Free Trade Areas (FTAs) have a long established role in world trade, dating back to at least the early 1700s. They offer many benefits to businesses and countries. However, lightly regulated free zones – of which there are many – are also attractive to parties engaged in illegal and criminal activities. They provide a relatively secure environment with both good infrastructure and limited surveillance, allowing the trade in counterfeit and pirated goods, smuggling and money laundering.

Globally, there are approximately 3,500 free zones which generate more than $ 500 billion in trade-related added value and employ approximately 66 million people. These areas have attracted multinational companies due to their ideal physical location, reduced red tape and specialized infrastructure – thus offering multiple benefits to both host countries and businesses.

But this brilliant image skillfully masks the dark side of free zones, which facilitate an almost perfect environment for criminal activity. The minimal customs controls and considerably reduced surveillance employed in free zones allow criminals to conduct their operations without fear.

Evolution over time: from free ports to free zones

For hundreds of years, governments have searched for ways to facilitate international trade in their ports. The first mechanisms were called free ports, which were designated areas for commercial vessels destined for re-export with exemption from customs duties. These practices are still going on today, but the overall operations of free trade zones have been completely altered using different business models such as free zones, export processing zones, special economic zones and industrial zones. .

These zones allow duty-free imports of raw materials for export production. Companies in these areas benefit from long-term tax incentives that can increase their production. If these zones are also set up to re-export the goods produced, some countries allow the sale of part of the production of the zones on the domestic market.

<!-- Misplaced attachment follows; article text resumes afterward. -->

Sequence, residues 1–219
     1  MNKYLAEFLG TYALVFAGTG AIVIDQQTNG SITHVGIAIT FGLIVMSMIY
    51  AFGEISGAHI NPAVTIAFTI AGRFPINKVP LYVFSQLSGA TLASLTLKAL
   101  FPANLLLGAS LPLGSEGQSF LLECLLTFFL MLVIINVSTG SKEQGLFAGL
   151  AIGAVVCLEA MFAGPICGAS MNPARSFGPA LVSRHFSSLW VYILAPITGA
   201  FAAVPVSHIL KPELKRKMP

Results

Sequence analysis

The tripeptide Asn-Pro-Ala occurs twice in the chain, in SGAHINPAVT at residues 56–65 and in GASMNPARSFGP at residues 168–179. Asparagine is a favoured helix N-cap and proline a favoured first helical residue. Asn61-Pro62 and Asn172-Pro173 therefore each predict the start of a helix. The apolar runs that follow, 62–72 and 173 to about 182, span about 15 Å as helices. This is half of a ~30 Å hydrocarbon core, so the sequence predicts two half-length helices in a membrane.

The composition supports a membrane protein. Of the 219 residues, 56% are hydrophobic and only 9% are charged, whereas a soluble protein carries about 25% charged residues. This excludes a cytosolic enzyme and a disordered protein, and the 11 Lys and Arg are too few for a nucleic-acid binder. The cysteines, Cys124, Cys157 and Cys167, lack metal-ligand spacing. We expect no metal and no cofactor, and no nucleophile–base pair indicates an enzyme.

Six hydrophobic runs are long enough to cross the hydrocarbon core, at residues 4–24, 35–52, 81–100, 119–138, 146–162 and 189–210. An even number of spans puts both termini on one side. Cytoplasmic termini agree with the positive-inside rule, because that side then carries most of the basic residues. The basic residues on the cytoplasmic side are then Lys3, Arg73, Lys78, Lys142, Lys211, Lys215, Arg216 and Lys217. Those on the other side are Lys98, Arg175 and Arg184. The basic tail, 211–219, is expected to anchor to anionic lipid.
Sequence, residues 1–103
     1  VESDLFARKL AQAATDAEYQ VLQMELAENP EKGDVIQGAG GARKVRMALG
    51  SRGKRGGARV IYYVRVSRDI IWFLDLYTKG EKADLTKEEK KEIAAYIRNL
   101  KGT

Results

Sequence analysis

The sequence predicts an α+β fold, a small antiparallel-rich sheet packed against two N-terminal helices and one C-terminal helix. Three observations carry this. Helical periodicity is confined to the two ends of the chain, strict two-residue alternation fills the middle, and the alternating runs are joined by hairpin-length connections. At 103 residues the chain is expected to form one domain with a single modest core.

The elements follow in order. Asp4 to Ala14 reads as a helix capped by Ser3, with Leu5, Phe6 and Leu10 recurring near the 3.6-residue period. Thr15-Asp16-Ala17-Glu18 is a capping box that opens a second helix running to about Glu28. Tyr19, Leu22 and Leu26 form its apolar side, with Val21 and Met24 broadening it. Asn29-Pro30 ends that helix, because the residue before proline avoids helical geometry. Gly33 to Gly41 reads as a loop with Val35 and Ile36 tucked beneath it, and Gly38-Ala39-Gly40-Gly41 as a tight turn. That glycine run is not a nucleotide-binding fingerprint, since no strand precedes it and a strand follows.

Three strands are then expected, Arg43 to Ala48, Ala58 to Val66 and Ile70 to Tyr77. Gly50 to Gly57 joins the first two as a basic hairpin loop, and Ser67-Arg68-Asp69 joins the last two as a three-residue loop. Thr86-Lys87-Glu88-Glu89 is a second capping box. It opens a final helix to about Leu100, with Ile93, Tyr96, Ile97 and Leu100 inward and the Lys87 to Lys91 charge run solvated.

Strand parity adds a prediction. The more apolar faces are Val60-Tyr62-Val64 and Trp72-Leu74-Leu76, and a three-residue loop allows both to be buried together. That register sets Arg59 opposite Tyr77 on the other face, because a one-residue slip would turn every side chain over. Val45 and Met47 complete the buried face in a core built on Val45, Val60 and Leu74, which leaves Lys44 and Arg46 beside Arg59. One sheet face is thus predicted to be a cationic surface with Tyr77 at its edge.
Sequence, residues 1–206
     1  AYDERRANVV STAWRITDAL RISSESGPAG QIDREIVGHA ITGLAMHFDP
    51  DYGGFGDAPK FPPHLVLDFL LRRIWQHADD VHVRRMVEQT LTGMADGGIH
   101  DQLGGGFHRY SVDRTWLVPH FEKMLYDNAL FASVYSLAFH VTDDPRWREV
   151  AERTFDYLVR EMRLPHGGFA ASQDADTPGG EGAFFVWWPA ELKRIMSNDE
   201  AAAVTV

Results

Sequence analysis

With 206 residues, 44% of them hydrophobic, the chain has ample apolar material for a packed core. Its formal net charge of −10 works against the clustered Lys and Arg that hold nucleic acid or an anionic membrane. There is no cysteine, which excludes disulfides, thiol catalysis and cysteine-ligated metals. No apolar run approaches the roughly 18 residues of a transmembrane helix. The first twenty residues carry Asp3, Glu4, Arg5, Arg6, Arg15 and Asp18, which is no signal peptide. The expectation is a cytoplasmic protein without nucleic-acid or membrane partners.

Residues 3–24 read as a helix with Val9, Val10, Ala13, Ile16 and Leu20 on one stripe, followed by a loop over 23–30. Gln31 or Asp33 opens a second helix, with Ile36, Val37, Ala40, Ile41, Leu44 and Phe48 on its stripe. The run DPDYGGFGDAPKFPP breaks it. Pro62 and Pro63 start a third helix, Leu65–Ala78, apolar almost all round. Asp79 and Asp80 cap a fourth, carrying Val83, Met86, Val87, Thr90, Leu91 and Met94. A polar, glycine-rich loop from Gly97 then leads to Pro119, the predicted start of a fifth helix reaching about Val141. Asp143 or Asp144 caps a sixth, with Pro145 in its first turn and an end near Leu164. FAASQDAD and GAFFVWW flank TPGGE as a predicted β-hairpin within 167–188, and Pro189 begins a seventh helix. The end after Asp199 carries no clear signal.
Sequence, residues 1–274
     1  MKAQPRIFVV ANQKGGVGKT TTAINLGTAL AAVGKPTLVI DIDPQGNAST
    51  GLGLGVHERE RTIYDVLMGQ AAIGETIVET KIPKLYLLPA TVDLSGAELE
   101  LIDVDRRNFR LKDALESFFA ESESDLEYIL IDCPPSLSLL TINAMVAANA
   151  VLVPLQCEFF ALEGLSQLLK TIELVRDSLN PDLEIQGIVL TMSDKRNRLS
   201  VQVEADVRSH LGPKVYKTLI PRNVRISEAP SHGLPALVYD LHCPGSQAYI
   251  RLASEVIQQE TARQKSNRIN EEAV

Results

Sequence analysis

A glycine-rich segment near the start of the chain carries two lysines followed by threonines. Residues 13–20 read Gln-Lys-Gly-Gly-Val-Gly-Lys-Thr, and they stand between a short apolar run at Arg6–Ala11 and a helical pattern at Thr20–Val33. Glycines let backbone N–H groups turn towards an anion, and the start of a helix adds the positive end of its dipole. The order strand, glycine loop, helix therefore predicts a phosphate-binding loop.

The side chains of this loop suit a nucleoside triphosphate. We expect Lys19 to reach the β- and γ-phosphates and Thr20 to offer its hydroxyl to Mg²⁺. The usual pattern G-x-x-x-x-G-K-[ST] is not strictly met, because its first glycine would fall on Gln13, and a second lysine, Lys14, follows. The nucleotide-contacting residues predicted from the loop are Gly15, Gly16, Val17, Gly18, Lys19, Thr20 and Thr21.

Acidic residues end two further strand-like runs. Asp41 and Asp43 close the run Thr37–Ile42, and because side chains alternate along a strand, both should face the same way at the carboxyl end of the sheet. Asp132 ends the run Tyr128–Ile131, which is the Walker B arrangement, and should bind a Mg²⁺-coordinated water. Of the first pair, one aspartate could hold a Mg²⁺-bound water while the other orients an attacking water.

The popularity and wide acceptance of free zones is mainly due to their incentives. They act as a one-stop-shop for investors and traders who don’t have to go through multiple steps to obtain permits, investment applications or other related documents. This makes it easier for domestic and foreign investors to establish their business units in a timely manner.

Today, several hundred free zones operate in developing countries around the world, which offers them a good opportunity to experience marked economic growth.

Benefits of free trade zones

These areas play a vital role in creating jobs with better wages and working conditions compared to other jobs, especially in smaller countries. They also attract foreign companies who are reluctant to operate in the host country, due to the political and security environment, providing a safe and designated area free of conflict. In this way, the host country can have access to the foreign direct investments essential for its growth. These areas can also become testing laboratories for governments to assess the implications of different rules and regulations before implementing them at the national level. Finally, thanks to large-scale production, countries are able to diversify their exports and reap the benefits.

Free zones are also a popular choice for businesses. First, the cost of moving to a free zone is not high. In some cases, it is lower than the cost necessary to set up the industry outside the territory of the free zone in the same host country. Depending on the area in which a business decides to locate, it can save considerable amounts of customs duties and income taxes. In addition, a business will also have a less authoritarian environment to conduct operations indoors. In addition, since it is free from restrictions on the activities of the company, a company operating in a free zone can ship its goods to a variety of markets.

Abused by criminals